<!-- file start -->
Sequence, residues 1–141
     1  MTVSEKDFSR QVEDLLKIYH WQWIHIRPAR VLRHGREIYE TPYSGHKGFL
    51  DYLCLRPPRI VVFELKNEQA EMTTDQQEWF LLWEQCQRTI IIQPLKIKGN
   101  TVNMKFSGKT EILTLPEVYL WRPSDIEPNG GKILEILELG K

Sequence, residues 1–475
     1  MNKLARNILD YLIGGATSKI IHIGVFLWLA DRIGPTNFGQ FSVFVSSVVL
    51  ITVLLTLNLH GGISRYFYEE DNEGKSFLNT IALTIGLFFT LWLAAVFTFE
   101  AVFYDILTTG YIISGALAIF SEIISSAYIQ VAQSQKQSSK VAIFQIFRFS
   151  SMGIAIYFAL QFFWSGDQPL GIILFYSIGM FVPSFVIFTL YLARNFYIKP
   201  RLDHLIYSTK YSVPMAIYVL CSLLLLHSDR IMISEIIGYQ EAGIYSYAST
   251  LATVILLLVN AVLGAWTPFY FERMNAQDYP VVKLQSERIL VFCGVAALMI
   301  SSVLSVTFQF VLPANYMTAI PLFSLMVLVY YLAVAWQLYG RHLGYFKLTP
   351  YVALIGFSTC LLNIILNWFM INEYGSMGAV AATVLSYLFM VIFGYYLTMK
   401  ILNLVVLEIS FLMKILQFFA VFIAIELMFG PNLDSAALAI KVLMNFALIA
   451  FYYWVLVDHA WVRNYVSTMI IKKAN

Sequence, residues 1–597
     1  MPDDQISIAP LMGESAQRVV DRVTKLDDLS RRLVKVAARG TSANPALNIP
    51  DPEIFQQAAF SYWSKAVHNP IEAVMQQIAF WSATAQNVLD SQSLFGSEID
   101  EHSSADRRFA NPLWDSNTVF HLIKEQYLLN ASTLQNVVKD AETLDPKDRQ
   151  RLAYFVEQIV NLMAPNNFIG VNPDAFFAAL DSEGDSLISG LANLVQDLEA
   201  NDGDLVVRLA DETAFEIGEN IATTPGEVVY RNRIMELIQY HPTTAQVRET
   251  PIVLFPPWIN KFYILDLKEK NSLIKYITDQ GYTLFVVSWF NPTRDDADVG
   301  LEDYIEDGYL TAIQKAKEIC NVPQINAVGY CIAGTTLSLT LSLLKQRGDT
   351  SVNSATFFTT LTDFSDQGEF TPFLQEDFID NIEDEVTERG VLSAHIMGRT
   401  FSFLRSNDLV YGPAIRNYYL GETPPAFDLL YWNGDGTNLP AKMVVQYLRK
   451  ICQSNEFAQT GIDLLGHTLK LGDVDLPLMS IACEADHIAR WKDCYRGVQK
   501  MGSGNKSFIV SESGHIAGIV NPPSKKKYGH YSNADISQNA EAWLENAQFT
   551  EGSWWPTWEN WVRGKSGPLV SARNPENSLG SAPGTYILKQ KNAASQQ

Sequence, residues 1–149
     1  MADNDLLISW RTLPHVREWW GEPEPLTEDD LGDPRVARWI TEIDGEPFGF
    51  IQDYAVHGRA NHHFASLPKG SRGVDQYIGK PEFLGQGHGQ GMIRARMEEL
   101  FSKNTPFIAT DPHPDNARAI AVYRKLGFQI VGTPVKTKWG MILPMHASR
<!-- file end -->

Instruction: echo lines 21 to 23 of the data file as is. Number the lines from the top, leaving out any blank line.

   201  NDGDLVVRLA DETAFEIGEN IATTPGEVVY RNRIMELIQY HPTTAQVRET
   251  PIVLFPPWIN KFYILDLKEK NSLIKYITDQ GYTLFVVSWF NPTRDDADVG
   301  LEDYIEDGYL TAIQKAKEIC NVPQINAVGY CIAGTTLSLT LSLLKQRGDT